Open to the public, unsectarian, non-political, no charge

Upcoming Topics
October 20: Mind --Trickster, Transformer
November 17: The Seven Jewels of Wisdom
December: The Inner Nativity


The topics for the monthly discussions are chosen by members of the Northwest Branch. If there is a subject that particularly interests you, or if you have ideas or suggestions about the meetings, please do not hesitate to email or mail them to the Branch or to mention them after the meetings.

Theosophical Views

Overcoming Our Fears

by Armin Zebrowski
Beware of fear that spreadeth, like the black and soundless wings of midnight bat, between the moonlight of thy Soul and thy great goal that loometh in the distance far away.
Fear, O disciple, kills the will and stays all action. If lacking in the Shila virtue, -- the pilgrim trips, and Karmic pebbles bruise his feet along the rocky path. -- H. P. Blavatsky, The Voice of the Silence, p. 53

All of us know the torturing, restricting, paralyzing feeling of the daily fears which destroy so much: fear of being wrong, fear of making a mistake, fear of being unprepared, fear of failure, fear of old age, sickness, and death. While it is difficult to find the root of these feelings, I believe they are largely the results of experience over many incarnations.

Fear is a feeling of our human ego which comes when it is drawn down to the animal soul, when the thinker is governed by the strong feelings of its lower desire nature. Look at the consequences of fear: the body pours out hormones, the mind is veiled, all senses concentrate on the one point which could harm the human ego. In vain the soul tries to bring the person back into a human state of mind. Fear governs the person; it makes us incapable of doing what is reasonable. This refers not only to concrete fears -- such as a bus running us down -- it concerns daily life. We often fail because we are not courageous enough to take the necessary and right step even when we know what is right, because we are afraid of the consequences of our actions. We often fail because we do not trust our ability to finish the job due to our projections which make the ego believe we would look ridiculous or unprepared.

We cannot escape life's experiences once we accept that we have to solve all the problems lying ahead of us: we can-not go around them, we can at best postpone them. When we recognize that our existence is not limited to this poor life on earth and know that our innermost essence is immortal, we have a wonderful basis for future action.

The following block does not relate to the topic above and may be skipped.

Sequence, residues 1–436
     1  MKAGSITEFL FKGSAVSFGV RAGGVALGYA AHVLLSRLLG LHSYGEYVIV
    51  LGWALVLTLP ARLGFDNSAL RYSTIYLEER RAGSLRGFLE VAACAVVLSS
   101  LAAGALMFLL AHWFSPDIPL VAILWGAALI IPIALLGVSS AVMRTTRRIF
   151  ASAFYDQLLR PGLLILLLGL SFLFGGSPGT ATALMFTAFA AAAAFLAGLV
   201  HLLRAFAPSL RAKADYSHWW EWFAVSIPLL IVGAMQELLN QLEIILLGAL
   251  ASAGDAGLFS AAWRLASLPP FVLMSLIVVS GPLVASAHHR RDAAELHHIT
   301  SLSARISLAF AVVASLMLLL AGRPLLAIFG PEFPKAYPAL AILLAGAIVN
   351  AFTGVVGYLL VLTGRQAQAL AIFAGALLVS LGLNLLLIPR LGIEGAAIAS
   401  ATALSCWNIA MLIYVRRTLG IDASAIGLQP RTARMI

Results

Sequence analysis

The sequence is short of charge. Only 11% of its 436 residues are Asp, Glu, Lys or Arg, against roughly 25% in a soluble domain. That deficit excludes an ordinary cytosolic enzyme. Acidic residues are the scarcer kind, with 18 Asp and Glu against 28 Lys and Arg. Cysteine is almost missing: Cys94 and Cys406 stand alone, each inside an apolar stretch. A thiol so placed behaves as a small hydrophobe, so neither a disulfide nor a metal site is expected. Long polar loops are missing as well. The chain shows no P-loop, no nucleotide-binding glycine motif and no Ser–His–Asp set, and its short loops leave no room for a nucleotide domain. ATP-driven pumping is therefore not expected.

But how can we approach the overpowering feeling of fear? This, at least, is clear: thoughts mold people. Therefore, we must use the power of ideas, of imagination, and above all the power of intuition, to free ourselves from the influences of the animal soul and turn to the spiritual aspects of our-selves again. As G. de Purucker says:

Love is a mighty power. Perfect love casteth out all fear. He whose heart is filled with love and pity never knows what fear is; there is no room for it in his heart. Love all that lives and you then ally yourself with invincible cosmic powers and you become strong and spiritually and intellectually clairvoyant.
You can overcome fear by visualizing to your-self actions and thoughts of high and noble courage. Think of yourself as doing courageous actions. Study and admire courageous actions in others. Grow to love courage, so that you follow it. Then you become it and fear will vanish away like the mists of the night before the rising sun.
. . . Men will be ruled by fear just as long as they love themselves; for then they will be afraid of everything that is going to happen -- afraid to venture, afraid to act, to do, to think, for fear lest they lose. And they will then lose. "That which I feared has come upon me!" It is always so.
It is the great men who do not fear, who venture, who act, who do -- for they are the doers; and they are also the thinkers of the world; because in either case they have no fear. They love the things that they do. Therefore they have no fear. -- Golden Precepts of Esotericism, pp. 118-19

The goal of evolution is a fully developed human being -- a god. All of us, even the smallest center of consciousness in and around us, will reach the level of a buddha and then move beyond. If huge or small fears hinder us from taking the right step, we must learn to overcome them. And everybody can do this for him or herself.